Clarkston schools on board with local’s anti-bullying initiative

Clarkston schools on board with local’s anti-bullying initiative

By Matt Mackinder
Clarkston News Editor

Clarkston resident Jeff Chamberlain came out with a book last year entitled “The Dog with the Crooked Tail” that is now part of a new initiative for district first graders, the Milo Project.
Chamberlain describes the Milo Project as a positive, self-confidence and anti-bullying program created for children entering elementary school.
“It is quite common that these children have some type of fear or insecurity as they embark on this new journey,” Chamberlain said. “The Milo Project is focused around ‘The Dog with the Crooked Tail,’ a story of a dog named Milo that has a crooked tail. Milo was actually inspired by our real-life family dog named Milo and does indeed have a crooked tail. Milo is feeling insecure and nervous about what others may say and think about his tail on his first day of school. The message behind the story is everyone is special and unique in their own way.
“The goal of this story is two-fold. The first is to build self-confidence in every child and help them recognize that our differences are what makes us special. The second is to prevent bullying in the future. As we know, all bullies are insecure and have low self-esteem.
“The order of building self-confidence first is very intentional. This self-confidence is paramount in preventing a child from becoming a bully in the future as well as giving the child the confidence to stand up against bullying when they see it.”
The Milo Project consists of “The Dog with the Crooked Tail” book, a Milo Project backpack charm, author readings and Q & A session, and a Milo Project poster for first-grade classrooms and hallways.
Chamberlain said he is beyond thrilled that CCS officials jumped at the opportunity, and the feeling is mutual.
“‘The Dog with the Crooked Tail’ has a wonderful message of inclusion and self-confidence,” said CCS Assistant Superintendent of Instructional Services Nancy Mahoney. “We are happy to join the Milo Project with Clarkston community member and parent Jeff Chamberlain, and look forward to sharing with our first-grade students.”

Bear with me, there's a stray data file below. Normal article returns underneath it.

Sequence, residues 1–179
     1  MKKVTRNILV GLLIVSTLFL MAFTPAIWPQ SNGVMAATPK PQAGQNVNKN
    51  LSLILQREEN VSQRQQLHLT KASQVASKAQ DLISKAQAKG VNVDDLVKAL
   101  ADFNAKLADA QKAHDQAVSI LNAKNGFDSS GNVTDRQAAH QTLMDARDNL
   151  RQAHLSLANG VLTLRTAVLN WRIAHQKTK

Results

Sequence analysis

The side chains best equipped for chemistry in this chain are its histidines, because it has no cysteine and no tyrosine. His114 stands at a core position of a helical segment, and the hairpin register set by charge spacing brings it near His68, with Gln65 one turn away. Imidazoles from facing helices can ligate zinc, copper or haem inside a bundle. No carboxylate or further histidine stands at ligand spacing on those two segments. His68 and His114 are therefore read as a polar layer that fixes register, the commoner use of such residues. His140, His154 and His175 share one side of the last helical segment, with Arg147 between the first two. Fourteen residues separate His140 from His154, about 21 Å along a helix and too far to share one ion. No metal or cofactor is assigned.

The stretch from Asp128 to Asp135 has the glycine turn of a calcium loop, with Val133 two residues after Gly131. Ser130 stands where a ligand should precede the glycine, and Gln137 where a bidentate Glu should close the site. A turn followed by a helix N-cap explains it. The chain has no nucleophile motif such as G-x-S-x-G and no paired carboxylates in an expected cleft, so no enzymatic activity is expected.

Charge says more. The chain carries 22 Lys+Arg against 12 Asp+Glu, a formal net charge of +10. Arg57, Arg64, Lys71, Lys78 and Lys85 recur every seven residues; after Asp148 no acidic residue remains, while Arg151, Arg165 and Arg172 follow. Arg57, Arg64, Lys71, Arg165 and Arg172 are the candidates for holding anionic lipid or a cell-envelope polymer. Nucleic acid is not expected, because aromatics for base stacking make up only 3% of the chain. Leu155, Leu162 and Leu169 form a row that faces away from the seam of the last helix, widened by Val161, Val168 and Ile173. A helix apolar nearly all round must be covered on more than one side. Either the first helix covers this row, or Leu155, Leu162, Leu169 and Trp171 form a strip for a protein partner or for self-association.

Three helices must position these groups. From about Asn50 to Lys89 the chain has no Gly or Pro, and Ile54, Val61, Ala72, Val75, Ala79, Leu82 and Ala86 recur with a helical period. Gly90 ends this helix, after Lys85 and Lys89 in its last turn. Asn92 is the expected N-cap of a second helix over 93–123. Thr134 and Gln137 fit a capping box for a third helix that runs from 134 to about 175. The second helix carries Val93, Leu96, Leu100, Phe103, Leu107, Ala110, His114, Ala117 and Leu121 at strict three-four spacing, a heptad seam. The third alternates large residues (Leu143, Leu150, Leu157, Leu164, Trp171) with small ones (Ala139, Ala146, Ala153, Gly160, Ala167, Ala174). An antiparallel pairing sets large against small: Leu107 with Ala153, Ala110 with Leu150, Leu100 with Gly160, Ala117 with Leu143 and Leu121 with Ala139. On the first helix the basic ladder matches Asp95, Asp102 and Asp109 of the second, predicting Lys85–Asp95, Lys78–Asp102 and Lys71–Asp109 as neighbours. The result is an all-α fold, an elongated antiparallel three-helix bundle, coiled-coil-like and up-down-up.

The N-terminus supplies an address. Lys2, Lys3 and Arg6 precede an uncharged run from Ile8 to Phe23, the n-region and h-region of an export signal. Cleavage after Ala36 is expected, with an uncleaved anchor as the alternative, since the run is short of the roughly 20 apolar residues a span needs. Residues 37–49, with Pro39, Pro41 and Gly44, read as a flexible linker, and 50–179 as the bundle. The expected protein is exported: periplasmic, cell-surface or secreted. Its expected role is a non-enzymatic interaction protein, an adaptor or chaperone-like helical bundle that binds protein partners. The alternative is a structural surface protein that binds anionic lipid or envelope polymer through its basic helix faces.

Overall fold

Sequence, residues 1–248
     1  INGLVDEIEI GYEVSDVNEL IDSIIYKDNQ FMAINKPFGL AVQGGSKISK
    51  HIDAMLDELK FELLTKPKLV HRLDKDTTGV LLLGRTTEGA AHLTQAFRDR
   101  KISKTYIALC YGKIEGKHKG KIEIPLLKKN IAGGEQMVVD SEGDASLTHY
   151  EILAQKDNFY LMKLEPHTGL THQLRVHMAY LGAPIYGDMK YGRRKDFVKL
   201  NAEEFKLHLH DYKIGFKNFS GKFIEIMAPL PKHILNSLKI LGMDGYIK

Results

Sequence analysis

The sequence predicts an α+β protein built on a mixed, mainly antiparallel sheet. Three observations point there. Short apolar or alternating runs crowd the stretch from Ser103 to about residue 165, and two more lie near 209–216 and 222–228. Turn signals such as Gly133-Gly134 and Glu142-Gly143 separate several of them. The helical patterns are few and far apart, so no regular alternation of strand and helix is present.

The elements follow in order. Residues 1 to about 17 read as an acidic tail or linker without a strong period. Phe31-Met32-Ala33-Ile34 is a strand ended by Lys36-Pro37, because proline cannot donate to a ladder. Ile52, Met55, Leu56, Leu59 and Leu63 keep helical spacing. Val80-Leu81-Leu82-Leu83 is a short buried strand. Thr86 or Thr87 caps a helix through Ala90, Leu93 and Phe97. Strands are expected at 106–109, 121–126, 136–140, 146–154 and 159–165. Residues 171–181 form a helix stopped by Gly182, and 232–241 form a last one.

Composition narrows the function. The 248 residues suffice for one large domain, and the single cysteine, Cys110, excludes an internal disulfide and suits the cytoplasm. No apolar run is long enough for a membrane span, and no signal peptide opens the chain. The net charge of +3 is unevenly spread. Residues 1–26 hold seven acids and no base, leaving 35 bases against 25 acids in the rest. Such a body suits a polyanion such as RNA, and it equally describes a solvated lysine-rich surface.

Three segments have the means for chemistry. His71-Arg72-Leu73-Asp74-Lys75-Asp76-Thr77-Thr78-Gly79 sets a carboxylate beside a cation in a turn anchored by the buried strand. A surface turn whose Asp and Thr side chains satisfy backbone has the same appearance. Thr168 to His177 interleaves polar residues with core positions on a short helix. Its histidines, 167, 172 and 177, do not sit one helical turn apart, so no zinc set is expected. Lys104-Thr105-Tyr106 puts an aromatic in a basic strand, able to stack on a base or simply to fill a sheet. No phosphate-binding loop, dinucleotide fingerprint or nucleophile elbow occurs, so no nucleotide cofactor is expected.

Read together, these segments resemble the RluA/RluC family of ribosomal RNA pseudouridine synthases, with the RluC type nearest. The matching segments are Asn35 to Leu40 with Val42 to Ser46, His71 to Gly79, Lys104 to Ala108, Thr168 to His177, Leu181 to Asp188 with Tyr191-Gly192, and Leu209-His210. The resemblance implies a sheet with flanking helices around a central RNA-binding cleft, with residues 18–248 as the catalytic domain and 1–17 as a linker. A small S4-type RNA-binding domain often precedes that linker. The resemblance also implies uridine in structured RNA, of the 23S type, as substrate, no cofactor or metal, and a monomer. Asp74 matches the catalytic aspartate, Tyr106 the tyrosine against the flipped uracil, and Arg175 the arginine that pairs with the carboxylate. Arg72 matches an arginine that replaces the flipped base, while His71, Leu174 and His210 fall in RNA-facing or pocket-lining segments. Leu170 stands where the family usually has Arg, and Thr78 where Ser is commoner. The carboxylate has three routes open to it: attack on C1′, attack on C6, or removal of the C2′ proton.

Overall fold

Starting in first grade with this program was done strategically, said Chamberlain.
“There is no quick fix to the problem of low-self-esteem and bullying and that is why the goal of the Milo Project is to implement this project in every first grade class year after year,” Chamberlain said. “By the time the first class that participates is in fifth grade, every student in that elementary school will know who Milo is and his message. It is this type of commitment and consistency that will affect real and sustainable change.”
The district is purchasing one book for each first-grade classroom as well.
Chamberlain said the inspiration for the Milo Project came from a perfect storm of events, starting with suffering a stroke in Sept. 2017, having a daughter with special needs, a gay son, and living in the current societal environment.
“It is a sad-but-true fact that our children are growing up in a challenging time with fears of school shootings among all the other problems that come from low self-esteem and bullying,” said Chamberlain. “The Milo Project is an initiative to help address these issues in a positive and fun way a child can embrace.”
For more information on the Milo Project or to get a copy of the book or backpack charm, contact Chamberlain at, call 248-403-1459, or visit his website at

PHOTO: Clarkston’s Jeff Chamberlain poses with his dog Milo, the inspiration for his children’s book “The Dog with the Crooked Tail.” Photo provided

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